From a product standpoint we increased mobile sales greatly. In comparison to other major mobile payments Starbucks stands out as a front runner.
The program makes up about 40 percent of the company's transactions in the U.S. and it has grown 26 percent in the last two years.
2.1 million active users
The popularity of the rewards program has helped boost the chain's mobile sales, which now account for about 6 million orders a month.
Longtime loyal customers of the brand and Gold members aren't exactly thrilled, as they bought a lot of coffee to earn rewards points that are now irrelevant. For those starting to use Rewards now, it's fantastic!
Overall customers understood the new system and found the designs easy to use and fun, new users appreciated earning stars faster.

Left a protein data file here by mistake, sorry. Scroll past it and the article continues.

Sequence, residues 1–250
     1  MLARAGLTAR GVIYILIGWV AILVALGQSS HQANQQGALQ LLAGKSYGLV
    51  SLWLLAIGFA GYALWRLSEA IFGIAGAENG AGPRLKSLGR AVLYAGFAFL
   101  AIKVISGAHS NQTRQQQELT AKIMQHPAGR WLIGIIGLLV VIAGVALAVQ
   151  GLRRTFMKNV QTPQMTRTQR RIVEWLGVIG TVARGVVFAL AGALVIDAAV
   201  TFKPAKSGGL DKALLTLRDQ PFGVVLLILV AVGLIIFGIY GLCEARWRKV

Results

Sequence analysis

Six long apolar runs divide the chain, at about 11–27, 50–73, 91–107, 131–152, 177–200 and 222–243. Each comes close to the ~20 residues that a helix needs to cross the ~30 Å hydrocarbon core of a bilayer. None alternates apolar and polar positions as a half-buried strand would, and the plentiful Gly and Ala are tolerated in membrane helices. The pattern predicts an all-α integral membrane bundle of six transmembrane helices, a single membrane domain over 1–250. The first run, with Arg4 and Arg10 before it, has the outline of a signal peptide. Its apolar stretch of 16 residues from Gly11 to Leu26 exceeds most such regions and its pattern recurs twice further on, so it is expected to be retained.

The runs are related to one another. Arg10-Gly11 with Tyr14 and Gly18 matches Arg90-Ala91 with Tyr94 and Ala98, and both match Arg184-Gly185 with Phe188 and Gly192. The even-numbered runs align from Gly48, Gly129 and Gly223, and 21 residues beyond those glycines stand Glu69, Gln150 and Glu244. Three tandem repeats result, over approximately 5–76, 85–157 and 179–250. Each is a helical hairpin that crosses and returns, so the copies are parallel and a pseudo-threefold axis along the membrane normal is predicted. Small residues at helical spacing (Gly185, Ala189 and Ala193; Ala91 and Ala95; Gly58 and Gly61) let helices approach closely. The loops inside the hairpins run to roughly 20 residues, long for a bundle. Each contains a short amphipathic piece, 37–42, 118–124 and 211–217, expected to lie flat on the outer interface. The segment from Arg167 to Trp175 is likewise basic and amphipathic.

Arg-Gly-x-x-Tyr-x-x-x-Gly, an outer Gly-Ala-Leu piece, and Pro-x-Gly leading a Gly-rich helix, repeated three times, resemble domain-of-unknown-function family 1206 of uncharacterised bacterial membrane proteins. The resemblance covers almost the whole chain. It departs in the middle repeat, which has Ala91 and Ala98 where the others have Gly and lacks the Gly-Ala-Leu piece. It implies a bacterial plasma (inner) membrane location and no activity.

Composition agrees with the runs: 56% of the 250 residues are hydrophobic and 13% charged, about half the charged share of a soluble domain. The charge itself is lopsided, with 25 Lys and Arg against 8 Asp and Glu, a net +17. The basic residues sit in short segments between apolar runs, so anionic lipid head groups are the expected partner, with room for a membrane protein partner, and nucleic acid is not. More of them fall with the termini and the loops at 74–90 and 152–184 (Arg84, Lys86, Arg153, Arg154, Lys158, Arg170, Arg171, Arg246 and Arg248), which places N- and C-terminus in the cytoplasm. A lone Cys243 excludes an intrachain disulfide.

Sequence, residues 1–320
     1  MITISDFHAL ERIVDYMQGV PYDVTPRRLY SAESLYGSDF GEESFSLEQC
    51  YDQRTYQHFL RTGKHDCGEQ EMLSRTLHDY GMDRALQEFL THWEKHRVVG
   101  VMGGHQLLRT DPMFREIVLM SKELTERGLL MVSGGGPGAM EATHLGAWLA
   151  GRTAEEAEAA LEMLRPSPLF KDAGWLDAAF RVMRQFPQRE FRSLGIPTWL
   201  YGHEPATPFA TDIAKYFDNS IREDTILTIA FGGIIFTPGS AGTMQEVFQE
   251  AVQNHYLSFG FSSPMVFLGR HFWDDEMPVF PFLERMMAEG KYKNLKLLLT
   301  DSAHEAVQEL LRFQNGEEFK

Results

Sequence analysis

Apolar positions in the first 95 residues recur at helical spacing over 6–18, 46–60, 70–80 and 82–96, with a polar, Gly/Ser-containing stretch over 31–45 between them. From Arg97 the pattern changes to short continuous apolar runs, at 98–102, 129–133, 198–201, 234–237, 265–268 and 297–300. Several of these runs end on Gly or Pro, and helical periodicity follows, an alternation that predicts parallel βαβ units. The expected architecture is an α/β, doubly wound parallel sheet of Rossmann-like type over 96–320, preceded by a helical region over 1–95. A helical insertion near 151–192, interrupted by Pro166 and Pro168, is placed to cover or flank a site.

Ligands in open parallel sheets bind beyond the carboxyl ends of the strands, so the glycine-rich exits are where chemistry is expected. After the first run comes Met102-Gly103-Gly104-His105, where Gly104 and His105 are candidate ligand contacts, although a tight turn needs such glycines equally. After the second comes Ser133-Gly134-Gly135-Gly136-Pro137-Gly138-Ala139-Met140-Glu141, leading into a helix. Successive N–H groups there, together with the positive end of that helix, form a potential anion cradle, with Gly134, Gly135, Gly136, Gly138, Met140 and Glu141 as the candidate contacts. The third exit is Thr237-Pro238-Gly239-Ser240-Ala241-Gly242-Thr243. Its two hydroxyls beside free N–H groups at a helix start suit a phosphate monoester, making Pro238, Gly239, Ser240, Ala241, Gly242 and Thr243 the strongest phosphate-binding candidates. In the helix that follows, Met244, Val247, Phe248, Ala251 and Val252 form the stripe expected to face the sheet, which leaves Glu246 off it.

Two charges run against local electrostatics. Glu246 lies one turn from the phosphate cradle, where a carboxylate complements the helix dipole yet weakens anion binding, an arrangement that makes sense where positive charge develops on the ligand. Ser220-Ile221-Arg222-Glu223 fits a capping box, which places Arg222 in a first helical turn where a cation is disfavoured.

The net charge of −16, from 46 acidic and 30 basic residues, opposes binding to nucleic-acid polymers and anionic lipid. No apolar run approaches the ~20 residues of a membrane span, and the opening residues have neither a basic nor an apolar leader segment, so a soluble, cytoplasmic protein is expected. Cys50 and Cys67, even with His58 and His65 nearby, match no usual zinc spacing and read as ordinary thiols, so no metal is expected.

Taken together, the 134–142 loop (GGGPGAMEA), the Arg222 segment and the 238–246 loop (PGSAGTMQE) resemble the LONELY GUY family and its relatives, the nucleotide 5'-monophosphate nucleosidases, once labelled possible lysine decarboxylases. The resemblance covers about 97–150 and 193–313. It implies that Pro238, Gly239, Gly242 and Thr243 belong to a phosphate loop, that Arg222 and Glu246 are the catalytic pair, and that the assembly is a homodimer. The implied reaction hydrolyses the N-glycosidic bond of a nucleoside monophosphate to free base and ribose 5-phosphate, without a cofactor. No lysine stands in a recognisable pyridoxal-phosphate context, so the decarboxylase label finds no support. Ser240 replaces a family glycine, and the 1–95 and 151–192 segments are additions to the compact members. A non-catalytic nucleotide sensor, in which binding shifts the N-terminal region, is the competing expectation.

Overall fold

Existing users saw the program less rewarding, mainly due to the point shift for hot coffee. The star points went from 125 to 150 for hot coffee. Considering most users order the same drink every time, they now face having to earn 25 stars to get their favorite drink.
There is an opportunity to bring more customer value as the program evolves. This will open up even more new users while given loyal customers a reason to stick around.
- Extend star expiration from 6 months to a year
- More ways to earn stars ( not just app users) : Allow users to scan their receipt via the app to gain stars from cash purchases.
- In addition, make it easier to pay by opening up payment methods to debit cards, apple pay and cash.